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  • EEVblog #147 – $12000 Smoke

    Posted on February 21st, 2011 EEVblog 42 comments

    What does $12000 magic smoke smell like?
    Murphy ensures that Dave always gets the outliers on the production bell curve for review!

    OFFICIAL RESPONSE FROM AGILENT AFTER INVESTIGATION:

    We have determined that a short on our LAN/VGA module is what caused the EEVblog unit to stop working. The short caused a resister on the acquisition board to fail, bringing down our 3.3V supply path and causing the unit to no longer boot. After further investigation, it was determined that a small run of early production LAN/VGA modules were susceptible to this short. Although the issue is relegated to this small initial run of LAN/VGA modules, we are replacing all LAN/VGA modules in customer hands and have implemented additional testing procedures on our LAN/VGA manufacturing line to eliminate this issue from happening again.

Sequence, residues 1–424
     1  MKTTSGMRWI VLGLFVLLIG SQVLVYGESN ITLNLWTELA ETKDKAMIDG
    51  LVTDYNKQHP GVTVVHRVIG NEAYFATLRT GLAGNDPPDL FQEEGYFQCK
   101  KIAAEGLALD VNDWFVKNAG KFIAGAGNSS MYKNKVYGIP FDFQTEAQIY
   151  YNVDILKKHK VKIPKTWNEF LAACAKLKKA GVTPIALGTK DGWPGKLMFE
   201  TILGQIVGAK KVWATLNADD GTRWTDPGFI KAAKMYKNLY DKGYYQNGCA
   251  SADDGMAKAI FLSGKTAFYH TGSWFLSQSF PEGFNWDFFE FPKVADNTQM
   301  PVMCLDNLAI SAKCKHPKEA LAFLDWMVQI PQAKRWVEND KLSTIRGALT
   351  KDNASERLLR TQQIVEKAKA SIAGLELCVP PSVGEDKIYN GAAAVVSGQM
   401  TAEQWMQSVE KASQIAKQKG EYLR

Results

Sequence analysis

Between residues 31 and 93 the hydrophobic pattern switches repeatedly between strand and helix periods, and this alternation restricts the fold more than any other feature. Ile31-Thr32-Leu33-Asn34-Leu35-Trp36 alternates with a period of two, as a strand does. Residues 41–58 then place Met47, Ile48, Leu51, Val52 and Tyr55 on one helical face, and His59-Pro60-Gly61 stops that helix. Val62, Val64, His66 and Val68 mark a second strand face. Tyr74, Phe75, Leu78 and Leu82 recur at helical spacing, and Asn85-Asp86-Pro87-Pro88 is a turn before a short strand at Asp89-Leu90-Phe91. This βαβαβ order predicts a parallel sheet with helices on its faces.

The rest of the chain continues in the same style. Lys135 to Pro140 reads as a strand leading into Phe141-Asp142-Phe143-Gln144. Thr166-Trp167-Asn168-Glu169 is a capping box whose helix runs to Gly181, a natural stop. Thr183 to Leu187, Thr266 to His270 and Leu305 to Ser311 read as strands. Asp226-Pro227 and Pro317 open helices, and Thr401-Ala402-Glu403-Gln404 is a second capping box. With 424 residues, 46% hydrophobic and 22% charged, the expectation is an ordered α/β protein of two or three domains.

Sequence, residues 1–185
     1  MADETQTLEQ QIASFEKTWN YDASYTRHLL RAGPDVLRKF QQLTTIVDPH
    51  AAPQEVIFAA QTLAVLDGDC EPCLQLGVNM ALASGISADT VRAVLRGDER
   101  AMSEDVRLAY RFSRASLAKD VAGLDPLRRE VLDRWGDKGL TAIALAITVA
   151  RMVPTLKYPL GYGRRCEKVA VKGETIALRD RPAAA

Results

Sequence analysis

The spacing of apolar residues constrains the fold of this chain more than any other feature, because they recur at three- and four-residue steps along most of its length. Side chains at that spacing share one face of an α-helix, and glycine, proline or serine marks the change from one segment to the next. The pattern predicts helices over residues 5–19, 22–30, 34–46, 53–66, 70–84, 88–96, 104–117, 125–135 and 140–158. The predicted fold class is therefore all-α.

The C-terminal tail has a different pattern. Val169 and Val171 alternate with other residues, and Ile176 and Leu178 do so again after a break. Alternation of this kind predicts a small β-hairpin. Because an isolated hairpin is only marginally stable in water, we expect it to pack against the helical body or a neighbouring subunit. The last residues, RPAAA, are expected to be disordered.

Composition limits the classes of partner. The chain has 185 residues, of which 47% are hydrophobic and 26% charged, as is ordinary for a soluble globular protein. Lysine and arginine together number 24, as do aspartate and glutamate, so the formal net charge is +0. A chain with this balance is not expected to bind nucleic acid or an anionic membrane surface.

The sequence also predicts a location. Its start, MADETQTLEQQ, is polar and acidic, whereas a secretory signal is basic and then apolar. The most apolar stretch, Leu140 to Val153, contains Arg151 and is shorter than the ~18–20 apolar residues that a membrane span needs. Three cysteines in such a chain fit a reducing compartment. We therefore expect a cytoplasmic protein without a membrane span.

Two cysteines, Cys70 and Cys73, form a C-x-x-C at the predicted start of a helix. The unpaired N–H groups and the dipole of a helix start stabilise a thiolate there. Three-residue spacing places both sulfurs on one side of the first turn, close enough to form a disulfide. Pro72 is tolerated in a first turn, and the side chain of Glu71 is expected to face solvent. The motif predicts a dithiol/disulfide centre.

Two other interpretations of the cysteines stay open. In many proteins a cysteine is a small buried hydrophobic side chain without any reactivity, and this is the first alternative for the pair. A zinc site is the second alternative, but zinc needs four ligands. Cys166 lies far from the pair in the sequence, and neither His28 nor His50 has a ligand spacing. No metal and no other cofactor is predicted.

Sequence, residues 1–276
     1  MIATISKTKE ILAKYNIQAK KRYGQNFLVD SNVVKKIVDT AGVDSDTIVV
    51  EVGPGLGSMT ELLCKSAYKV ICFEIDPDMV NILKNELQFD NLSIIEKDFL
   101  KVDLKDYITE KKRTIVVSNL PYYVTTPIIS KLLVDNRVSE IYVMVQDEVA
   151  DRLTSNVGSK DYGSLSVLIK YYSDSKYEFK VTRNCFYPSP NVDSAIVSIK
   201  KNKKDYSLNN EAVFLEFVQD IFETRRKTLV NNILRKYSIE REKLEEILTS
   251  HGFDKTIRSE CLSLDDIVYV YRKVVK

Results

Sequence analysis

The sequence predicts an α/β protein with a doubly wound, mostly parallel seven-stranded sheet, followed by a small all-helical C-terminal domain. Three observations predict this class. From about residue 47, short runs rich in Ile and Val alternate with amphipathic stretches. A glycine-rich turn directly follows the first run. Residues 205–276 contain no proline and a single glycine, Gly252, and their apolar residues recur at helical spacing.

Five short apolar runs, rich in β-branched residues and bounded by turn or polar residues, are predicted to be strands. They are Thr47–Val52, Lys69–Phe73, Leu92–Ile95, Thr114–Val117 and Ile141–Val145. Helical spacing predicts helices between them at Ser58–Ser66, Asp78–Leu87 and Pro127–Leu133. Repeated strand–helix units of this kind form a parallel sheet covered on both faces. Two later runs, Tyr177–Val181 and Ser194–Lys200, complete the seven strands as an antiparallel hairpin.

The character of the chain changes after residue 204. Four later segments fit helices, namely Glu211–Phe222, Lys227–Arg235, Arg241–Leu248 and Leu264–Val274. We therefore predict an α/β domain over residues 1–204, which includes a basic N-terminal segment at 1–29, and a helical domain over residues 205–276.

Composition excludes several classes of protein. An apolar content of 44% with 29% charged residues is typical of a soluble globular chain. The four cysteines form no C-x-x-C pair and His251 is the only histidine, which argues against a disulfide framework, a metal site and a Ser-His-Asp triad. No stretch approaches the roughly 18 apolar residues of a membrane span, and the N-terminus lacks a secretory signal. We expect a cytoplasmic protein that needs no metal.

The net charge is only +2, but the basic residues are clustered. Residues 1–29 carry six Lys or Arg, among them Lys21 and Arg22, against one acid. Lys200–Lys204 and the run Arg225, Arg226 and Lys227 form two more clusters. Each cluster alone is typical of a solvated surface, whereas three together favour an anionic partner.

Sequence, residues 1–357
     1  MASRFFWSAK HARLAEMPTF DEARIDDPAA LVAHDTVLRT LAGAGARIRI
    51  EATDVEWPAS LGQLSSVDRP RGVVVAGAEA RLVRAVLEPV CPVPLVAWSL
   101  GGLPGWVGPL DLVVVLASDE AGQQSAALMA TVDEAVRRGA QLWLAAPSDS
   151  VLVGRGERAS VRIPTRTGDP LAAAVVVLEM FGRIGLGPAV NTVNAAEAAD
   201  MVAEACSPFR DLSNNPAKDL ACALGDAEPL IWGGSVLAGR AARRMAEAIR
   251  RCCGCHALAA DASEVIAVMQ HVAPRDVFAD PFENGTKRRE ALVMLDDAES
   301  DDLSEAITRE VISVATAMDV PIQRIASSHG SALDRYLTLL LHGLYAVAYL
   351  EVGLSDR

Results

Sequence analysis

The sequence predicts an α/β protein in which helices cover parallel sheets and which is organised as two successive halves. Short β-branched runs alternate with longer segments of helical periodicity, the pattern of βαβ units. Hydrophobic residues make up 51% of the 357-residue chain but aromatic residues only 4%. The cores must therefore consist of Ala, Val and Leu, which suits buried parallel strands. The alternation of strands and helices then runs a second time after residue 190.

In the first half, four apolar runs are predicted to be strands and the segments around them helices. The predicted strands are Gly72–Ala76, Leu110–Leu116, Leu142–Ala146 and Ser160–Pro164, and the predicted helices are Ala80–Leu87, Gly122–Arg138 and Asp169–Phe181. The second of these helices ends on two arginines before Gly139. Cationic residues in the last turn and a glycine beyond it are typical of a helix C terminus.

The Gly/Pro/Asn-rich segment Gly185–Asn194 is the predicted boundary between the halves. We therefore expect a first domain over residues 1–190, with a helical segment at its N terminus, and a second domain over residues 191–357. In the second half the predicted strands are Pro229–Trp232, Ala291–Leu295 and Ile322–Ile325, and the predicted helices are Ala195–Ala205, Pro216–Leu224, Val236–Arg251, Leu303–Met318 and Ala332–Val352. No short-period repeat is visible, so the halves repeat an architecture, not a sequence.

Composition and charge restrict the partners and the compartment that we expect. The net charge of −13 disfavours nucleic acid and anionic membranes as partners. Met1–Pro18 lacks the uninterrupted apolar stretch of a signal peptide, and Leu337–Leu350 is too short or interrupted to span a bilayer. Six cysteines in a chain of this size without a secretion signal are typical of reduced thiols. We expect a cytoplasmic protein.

Thanks to everyone at Agilent for taking this issue very seriously, investigating ASAP, taking preventative correction measures, and getting back to us! That’s what sets good companies apart!

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    41 responses to “EEVblog #147 – $12000 Smoke” RSS icon

    • As a sanity check, was this before or after tear-down? Nerveless, I loved your review of the 2000.

    • Hi!
      I’m a French Fan of your excellent blog !

      Good continuation and in the pleasure to read to you !

      Davy

    • Dave lets out $12000 of magic smoke, in Agilent tear down. lol

    • Right… And you, stripping the scope down to the last screw, has nothing to do with it.

      Oh well, nice review though.